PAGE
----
It’s hard to explain but I found this video very moving. Moving for all sorts of reasons, I suppose. It was beautiful, the Earth was beautiful, but it was also an inspiring glimpse of much needed perspective. The Earth looked so small, especially when backdropped against the cosmos, and for reasons I can’t fully explain, the Earth also seemed so delicate – like it was obvious why we need to take good care of it.

Chalk it up to just another example of an interdisciplinary crossroad. Here we have footage that had a perfunctory scientific and technological basis, and yet some of the “data,” the “observations,” the footage that was collected, when translated by a skilled practitioner, clearly had a power beyond those acts of hypothesis generation and hypothesis support.

This is an interesting dynamic – how beautiful pictures, beautiful sounds, or beautiful words can inform the scientific endeavour, although it’s a dynamic that doesn’t appear to have a lot of research behind it. So maybe it’s worth taking a closer look? Or maybe not? After all, does looking too deeply, working out measurements or concocting algorithms to explain why I feel the way I feel when I watch this video, would this result in a loss of that wonderful perspective, or would it allow us to do it even better?

Video by Bruce W. Berry Jr. Image Courtesy of the Image Science & Analysis Laboratory, NASA Johnson Space Center, The Gateway to Astronaut Photography of Earth. HT to @kejames.

That’s one small rocket launch for man, one giant leap for frogkind…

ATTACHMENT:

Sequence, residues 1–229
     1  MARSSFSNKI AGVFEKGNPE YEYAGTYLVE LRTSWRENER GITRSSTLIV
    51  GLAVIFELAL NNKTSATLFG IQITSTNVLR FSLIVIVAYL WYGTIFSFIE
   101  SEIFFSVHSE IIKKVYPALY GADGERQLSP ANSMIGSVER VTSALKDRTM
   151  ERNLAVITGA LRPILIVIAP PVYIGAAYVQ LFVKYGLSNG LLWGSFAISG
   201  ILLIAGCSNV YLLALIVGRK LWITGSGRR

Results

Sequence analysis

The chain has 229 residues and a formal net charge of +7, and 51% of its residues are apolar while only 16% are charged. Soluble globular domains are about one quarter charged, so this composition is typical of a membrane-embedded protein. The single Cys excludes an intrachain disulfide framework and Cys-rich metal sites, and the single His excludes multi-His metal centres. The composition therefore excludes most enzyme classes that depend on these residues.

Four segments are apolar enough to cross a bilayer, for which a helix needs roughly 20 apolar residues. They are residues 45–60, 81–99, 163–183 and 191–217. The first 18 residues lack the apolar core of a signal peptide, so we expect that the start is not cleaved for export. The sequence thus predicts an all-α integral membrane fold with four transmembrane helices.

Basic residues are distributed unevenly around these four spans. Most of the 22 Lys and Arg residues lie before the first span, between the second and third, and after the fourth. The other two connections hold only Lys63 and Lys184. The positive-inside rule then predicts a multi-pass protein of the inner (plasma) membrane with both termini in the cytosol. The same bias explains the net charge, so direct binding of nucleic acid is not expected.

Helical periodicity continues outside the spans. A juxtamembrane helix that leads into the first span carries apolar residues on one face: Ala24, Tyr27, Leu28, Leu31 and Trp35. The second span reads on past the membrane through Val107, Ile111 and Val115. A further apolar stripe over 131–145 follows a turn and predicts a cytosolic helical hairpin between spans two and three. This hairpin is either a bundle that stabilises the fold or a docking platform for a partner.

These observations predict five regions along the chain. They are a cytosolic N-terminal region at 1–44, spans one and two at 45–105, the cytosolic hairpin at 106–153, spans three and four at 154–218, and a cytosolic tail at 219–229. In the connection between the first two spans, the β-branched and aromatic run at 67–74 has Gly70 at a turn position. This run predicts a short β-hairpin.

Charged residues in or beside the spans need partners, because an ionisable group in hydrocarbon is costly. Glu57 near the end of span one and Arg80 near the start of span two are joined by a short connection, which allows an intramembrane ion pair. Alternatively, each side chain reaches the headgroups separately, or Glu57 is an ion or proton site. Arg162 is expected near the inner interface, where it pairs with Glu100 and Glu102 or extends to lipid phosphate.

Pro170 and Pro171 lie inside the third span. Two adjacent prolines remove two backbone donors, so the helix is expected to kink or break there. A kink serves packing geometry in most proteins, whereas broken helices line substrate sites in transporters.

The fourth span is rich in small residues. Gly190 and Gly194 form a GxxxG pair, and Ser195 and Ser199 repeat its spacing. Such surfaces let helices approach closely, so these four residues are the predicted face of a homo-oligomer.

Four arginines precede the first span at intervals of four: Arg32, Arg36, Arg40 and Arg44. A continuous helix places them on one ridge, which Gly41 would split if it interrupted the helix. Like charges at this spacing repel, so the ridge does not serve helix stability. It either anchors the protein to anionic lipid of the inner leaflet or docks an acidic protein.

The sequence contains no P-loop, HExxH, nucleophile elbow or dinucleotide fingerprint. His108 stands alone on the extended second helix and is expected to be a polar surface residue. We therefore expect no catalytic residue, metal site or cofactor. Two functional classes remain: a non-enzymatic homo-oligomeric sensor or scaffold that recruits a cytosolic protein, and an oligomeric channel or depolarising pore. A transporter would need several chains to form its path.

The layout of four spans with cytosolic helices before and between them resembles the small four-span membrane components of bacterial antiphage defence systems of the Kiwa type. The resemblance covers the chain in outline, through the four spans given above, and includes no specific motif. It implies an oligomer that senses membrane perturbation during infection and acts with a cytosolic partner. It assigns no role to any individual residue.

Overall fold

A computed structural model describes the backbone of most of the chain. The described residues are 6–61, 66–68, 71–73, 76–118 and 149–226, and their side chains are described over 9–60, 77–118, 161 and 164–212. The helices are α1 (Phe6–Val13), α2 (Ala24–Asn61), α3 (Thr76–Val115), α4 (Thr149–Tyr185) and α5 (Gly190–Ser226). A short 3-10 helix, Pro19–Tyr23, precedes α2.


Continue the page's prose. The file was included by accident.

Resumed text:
This. Is. Epic.

And all over the internet, but now also archived here at Popperfont if you ever need a graphic on (amphibians, natural selection, biodiversity, thrust calculations, insert keyword here).

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From NASA/Universe Today, via Atlantic.

I’m so cool, it’s ridiculous. An animated gif for the astronaut in all of us.

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By Adrijan, via Fresh Photons

I think we can all agree that nebulae are just pretty

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That is: “A nebula (from Latin: “cloud”; pl. nebulae or nebulæ, with ligature or nebulas) is an interstellar cloud of dust, hydrogen, helium and other ionized gases.” (from Wikipedia)

Images compiled by Antony McAulay, via ScienceAlert

If you have some time to kill, you can even read up on a few of them…

Eagle Nebula, Carina Nebula, Cat’s Eye Nebula, Horsehead NebulaCrab Nebula, Butterfly Nebula (NGC 6302), Eskimo Nebula, Bubble Nebula (NGC 7635), Cat’s Eye Nebula, Dumbbell Nebula, Helix Nebula, Hourglass Nebula, Medusa Nebula, Orion Nebula, Rosette Nebula, Tarantula Nebula, Trifid Nebula

Digitally manipulated stellar scapes by Chris Keegan. #whoa

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By Chris Keegan